White sandy beaches, clear water, colorful fish, picturesque vistas, cooling trade winds and warm, friendly people are just a few reasons why so many people return to Aruba year after year. Like most other Caribbean islands, Aruba is very expensive. You will pay a premium for hotels, food, and activities.
Things Not to Miss in Aruba
- Snorkeling – Snorkeling is the number one thing to do on the island. The shores are filled with coral and beautiful, brightly colored fish. Many hotels offer guests free use of snorkeling equipment.
- Scuba diving – Known as the wreck-diving capital of the Caribbean, Aruba’s entire south coast is a coral reef with over twenty dive sites and eleven diver-friendly wrecks such as a plane, tugboats, cement cargo ship, war and historic vessels sunk by destiny or design. Reef, wreck and night diving can all be arranged. Shore dives are possible off De Palm Island, Baby Beach and Pos Chiquito. Divers in Aruba will behold an array of brilliantly colored sea life and coral formations.
- Kite Surfing – Aruba is the perfect place for kitesurfing; the trade winds, shallow blue waters and soft sand beaches make the learning process easy and enjoyable. Aruba Kitesurfing is a member of the National Surf Association in Aruba (Arusurf) and offers a variety of classes, from beginner to expert level lessons in kitesurfing, surfing and body boarding.
- Oranjestad – Aruba’s capital city is lined with typical Dutch architecture and plenty of pastel colored buildings. The downtown area is good for shopping, with stalls and small boutiques, while the harbor is the place to buy fresh fish. There are a couple of museums in the city that highlight the history of the island, but these are smaller destination.
- ATV Tours – Aruba off road tours run all the way down the rugged northeast coast, visiting such sites as the Alto Vista Chapel, Bushiribana Gold Mill and natural bridges. For those who would rather go it alone, George’s Cycle Rentals is a reputable company for quadracer rentals. Riders should make safety a priority, wearing a well-fitting helmet and paying great attention to the road at all times.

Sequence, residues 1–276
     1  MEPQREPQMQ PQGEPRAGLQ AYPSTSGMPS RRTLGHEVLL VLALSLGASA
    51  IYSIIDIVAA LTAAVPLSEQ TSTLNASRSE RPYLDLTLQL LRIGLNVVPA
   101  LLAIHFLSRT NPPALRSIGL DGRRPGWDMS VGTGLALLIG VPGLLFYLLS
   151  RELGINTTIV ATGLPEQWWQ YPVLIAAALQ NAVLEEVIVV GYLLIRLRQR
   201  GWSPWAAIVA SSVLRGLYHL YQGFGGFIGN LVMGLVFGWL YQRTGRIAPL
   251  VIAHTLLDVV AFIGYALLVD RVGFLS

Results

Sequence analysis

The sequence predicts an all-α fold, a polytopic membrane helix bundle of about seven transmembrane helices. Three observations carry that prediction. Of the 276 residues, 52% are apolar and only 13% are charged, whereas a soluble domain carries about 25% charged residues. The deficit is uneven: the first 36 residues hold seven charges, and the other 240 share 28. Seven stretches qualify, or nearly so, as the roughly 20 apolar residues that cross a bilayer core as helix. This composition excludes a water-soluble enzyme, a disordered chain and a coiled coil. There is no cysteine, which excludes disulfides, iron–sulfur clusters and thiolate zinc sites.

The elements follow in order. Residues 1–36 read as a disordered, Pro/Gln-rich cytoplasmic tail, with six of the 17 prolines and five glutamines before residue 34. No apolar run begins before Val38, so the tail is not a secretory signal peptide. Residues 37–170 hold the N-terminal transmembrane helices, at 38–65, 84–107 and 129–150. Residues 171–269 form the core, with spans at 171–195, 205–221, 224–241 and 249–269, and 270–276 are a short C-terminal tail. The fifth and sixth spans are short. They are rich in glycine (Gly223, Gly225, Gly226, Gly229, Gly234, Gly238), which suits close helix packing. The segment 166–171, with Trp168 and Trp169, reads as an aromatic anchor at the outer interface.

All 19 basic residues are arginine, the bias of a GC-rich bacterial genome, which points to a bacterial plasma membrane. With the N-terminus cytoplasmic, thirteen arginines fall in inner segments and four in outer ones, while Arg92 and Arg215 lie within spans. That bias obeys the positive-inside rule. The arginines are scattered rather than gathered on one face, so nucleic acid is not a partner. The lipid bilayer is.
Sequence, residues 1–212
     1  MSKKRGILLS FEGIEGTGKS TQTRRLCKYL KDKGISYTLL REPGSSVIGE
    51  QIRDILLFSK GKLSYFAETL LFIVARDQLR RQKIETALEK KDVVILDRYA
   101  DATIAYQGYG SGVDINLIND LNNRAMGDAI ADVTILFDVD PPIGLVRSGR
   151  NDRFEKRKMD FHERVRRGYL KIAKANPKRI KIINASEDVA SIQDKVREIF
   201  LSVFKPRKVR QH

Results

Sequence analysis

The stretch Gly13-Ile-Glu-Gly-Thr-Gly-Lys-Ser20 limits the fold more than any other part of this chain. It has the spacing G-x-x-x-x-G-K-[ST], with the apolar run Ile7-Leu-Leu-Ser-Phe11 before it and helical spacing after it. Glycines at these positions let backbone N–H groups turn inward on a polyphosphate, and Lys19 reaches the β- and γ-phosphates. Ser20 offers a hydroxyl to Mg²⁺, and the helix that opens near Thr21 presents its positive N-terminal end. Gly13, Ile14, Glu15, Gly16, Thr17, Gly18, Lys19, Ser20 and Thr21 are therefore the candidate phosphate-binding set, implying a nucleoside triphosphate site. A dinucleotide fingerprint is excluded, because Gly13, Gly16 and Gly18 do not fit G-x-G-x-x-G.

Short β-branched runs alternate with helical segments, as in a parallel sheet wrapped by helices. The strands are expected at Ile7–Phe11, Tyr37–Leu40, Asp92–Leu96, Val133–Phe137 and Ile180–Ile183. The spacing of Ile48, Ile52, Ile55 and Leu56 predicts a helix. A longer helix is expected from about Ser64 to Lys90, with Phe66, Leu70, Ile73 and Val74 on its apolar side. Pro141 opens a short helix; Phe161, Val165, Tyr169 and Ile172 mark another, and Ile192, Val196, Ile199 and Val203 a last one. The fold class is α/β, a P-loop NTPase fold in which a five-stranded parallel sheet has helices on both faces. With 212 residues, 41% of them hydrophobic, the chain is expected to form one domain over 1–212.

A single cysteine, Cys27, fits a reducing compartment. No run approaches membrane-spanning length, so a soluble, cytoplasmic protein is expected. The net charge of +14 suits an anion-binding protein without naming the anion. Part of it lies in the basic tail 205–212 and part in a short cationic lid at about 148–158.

- Bus and Jeep Tours – Organized jeep tours often stop at the California Lighthouse, charming Alto Vista chapel, Seroe Crystal, the Bushiribana gold mill ruins, famous Natural Bridge, through the back roads to the Guadirikiri caves and finishing off on a private island that is located just a five minute ferry boat ride from the main land.
- Donkey Sanctuary – This is a fun place to spend the afternoon, especially for a family. Watch over 100 donkeys wander around while feeding and interacting with them.
- Horseback ride – Another way to tour the island is by horseback. There are various companies to choose from, all of which have very well-cared-for and very well-trained horses that give you the opportunity to ride through the hillside and along the coast.
- The Arikok National Park – The Arikok National Park is a great place to spend the entire day enjoying the dramatic landscapes. There is a small entrance fee that goes towards the preservation of the park and the animals who roam freely throughout the 7907 acres.
- Carubbian Festival – Most visitors don’t have the opportunity to experience Aruba’s cultural highlight of the year – Carnival, but you can discover the colorful spirit of Aruba’s Carnival and island culture every Thursday evening at the Carrubian Festival. Situated on the island’s southern tip in the heart of San Nicolas, the Carrubian Festival brings Aruba’s culture to life with live music and shows, stilt walkers, handicrafts, delicious, traditional homemade cuisine of the Caribbean region, and a parade of glittery dancers showcasing many of our past Carnival’s gorgeous costumes.
Cell Phones – Your cell phone will work here but check on roaming charges. GSM phones will work in Aruba only if you have an unlocked SIM phone. Contact your local service provider before traveling to Aruba. It is possible to rent a cell phone or purchase a SIM card right at the airport in the arrivals terminal at Setar or Digicel. A deposit and proper identification is required when renting a phone. Repeat visitors may consider the purchase of an inexpensive cell phone instead of renting one. Teleshops are also located in the hotel area.
Driving – The road signs in Aruba are different from those in the US. Familiarize yourself with traffic rules and signs before driving. Roads are very slick after a rain; drive cautiously. For off-road adventure, consider renting a car with 4-wheel drive or a jeep.
Internet Access – Wi-Fi is available at most hotels in public areas and rooms as well as at many “hot spots” throughout the island. For more information, please check the profile page of your resort or contact Setar at 525-1000.
Legal Age – Drinking age is 18. Gambling age is 18. Identification may be requested in both cases.
Medical Facilities – We have a first-class hospital just a few minutes from the hotel sector, and ALL hotels have a doctor on call 24/7. Drug stores cannot fill a prescription from a doctor who is not on the island, but will advise you on how to obtain one if necessary.
Public Transportation – There is daily bus service all along the hotel strip. Fare is US $ 2.30. There is bus service every 15 minutes from 5:45 am until 6 pm; buses then run every 40 minutes until 11:30 pm. The central bus station in downtown Oranjestad is located across the road from the cruise terminal next to Royal Plaza.